). It has been shown that AKT1 and AKT2 have distinct roles in tumor cell growth and migration, while AKT1 and AKT2 can either have positive or negative roles, depending on the cell types and experimental setting (59
). Our results show that activated forms of AKT1 and AKT2 are able to phosphorylate β-catenin in vitro
and in vivo
. Furthermore, expression of constitutively activated AKT1 or AKT2 results in the relocalization of β-catenin from cell–cell contacts and subsequent transactivation. Thus, it seems that AKT1 and AKT2, can affect the same substrate for regulation of its functions.
S552D β-catenin mutant has a higher transcriptional activity than WT or S552A β-catenin, which correlates with their differential levels of nuclear accumulation. Furthermore, A431 cells stably expressing S552D β-catenin mutant showed much enhanced invasion in contrast to the cells stably expressing either WT or S552 β-catenin. Transactivation of β-catenin increases the transcription of genes that promote tumor cell growth, such as MYC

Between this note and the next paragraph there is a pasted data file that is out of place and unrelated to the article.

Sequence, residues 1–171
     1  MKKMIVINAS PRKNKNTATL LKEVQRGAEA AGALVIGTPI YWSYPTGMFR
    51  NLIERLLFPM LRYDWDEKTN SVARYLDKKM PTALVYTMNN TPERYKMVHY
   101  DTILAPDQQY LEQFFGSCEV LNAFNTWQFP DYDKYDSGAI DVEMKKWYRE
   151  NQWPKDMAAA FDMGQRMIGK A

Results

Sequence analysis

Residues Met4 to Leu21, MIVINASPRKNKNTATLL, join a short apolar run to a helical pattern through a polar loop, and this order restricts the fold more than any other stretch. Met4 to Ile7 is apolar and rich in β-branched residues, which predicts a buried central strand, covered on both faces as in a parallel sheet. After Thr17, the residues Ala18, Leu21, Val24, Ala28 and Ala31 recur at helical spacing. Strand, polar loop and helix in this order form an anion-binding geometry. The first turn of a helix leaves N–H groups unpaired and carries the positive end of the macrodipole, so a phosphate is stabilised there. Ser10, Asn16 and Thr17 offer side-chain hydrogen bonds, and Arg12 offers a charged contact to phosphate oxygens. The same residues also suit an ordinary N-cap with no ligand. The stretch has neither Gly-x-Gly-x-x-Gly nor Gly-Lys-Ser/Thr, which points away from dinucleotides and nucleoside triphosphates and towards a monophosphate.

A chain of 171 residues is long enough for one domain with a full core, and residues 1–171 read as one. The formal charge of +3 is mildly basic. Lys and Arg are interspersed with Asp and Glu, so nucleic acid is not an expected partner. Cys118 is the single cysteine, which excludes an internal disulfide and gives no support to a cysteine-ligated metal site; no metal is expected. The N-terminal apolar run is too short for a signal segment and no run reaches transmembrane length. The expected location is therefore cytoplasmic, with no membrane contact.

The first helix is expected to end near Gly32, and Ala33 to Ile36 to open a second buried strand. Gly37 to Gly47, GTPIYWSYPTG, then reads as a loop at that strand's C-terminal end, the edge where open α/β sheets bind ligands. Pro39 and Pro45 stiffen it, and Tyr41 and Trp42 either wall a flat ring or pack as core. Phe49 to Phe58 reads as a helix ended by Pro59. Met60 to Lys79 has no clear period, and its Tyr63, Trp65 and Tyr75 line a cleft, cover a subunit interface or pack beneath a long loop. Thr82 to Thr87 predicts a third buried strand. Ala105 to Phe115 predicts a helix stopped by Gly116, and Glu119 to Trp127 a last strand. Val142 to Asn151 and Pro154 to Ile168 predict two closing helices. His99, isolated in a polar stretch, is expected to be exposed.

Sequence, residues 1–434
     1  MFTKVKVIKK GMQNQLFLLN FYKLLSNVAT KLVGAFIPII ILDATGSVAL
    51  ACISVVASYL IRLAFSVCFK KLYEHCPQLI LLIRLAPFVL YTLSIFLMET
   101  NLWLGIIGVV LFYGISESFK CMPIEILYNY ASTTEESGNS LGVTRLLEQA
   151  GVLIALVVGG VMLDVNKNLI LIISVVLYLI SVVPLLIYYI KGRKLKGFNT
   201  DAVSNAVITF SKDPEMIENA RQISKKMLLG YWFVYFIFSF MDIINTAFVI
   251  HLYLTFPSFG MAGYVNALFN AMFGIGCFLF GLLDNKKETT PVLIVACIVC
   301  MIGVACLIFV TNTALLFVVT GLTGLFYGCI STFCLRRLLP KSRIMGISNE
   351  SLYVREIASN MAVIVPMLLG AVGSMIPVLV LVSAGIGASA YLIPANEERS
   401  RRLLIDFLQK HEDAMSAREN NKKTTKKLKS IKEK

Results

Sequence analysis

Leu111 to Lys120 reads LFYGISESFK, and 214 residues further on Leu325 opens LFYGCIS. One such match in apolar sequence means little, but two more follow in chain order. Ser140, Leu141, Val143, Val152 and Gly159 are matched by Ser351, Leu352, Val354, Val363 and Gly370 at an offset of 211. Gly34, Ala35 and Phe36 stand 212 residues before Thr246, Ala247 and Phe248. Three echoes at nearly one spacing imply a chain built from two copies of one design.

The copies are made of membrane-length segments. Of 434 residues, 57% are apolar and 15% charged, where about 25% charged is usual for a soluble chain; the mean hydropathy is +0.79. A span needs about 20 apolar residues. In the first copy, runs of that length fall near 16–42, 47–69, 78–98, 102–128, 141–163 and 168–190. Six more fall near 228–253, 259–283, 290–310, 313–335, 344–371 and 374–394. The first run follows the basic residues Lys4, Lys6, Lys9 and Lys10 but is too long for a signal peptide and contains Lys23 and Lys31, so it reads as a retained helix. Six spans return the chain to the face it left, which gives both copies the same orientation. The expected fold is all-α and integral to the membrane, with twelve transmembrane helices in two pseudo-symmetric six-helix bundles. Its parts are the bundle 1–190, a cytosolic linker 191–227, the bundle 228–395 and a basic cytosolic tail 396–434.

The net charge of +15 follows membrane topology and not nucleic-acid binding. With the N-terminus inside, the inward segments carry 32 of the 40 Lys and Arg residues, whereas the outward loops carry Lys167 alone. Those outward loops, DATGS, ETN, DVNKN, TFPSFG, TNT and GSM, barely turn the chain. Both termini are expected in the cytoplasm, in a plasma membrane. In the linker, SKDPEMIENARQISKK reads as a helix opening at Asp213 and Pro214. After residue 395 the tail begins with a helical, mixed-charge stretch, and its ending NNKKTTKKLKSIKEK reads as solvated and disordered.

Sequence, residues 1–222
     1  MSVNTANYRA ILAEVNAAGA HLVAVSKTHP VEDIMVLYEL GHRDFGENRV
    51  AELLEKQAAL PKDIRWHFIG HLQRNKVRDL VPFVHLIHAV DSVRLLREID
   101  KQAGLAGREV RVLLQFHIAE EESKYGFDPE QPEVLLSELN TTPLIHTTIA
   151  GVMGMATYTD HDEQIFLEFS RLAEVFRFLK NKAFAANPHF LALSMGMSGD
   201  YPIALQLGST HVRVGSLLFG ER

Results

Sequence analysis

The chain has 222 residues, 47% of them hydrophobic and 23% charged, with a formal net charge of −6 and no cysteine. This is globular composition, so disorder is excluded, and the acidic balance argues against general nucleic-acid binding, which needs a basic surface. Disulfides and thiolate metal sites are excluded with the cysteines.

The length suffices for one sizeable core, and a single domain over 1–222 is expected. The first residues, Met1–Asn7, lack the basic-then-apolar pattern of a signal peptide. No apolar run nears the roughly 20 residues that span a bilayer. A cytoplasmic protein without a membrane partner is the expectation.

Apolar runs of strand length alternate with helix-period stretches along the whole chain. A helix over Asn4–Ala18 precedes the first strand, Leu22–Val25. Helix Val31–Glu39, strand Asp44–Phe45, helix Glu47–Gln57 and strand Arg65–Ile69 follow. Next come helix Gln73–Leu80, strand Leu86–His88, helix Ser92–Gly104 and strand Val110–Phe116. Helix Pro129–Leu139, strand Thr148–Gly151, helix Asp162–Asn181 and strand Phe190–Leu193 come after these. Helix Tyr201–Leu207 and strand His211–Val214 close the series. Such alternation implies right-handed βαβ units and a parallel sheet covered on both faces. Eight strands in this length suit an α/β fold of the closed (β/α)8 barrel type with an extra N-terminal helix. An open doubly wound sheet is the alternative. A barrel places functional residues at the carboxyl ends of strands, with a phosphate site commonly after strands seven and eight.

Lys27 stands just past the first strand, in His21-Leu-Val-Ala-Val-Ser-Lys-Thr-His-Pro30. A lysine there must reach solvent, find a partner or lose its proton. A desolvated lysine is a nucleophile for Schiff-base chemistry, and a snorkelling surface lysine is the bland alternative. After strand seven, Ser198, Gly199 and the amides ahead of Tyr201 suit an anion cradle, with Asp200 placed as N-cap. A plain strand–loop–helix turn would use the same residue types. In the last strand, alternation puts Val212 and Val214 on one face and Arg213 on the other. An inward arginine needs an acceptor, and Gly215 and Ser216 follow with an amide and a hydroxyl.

(which encodes cyclin D
), and JUN
), and genes that promote tumor cell invasion, such as matrix metalloproteinase-7 (MMP7)
) and TWIST1
). Further investigation is needed to determine whether phosphorylation of β-catenin at S552 induces a specific set of downstream genes that promote tumor development.
EGFR overexpression or mutation has been found in many types of cancers, with activation of AKT by EGFR or other growth factor receptors, Ras, and regulation of PI 3-K and PTEN contributing to tumor development (72
). EGF-induced phosphorylation and transactivation of β-catenin are dependent on the activity of AKT. We have previously shown that EGFR activation results in Wnt-independent β-catenin transactivation by downregulation of caveolin-1, whereas overexpression of caveolin-1 suppresses the effect of EGFR on β-catenin (16
). Downregulation and internalization of caveolin-1 by EGF will release inhibited signaling molecules normally sequestered in caveolae, such as growth factor receptors, Ha-Ras, and PI 3-K (16
), which may in turn contribute to AKT activation. Activated AKT can stabilize β-catenin through inhibition of GSK-3β and/or directly phosphorylate β-catenin, resulting in its disassociation from cell-cell contacts and nuclear accumulation. The combined effects enhance β-catenin-TCF/LEF-1 transcriptional activity, which in turn contributes to tumor cell invasion and tumor development.